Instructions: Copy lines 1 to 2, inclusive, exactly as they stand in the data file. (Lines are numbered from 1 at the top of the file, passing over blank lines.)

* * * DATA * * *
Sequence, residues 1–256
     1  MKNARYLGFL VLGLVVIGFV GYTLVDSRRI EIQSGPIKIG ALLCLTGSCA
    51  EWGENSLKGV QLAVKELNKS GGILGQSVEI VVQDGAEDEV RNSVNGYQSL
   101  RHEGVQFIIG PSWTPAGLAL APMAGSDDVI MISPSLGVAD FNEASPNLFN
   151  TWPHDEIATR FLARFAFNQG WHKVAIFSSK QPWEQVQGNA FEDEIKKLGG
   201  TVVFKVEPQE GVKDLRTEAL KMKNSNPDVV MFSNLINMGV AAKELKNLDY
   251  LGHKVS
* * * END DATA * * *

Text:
Sequence, residues 1–256
     1  MKNARYLGFL VLGLVVIGFV GYTLVDSRRI EIQSGPIKIG ALLCLTGSCA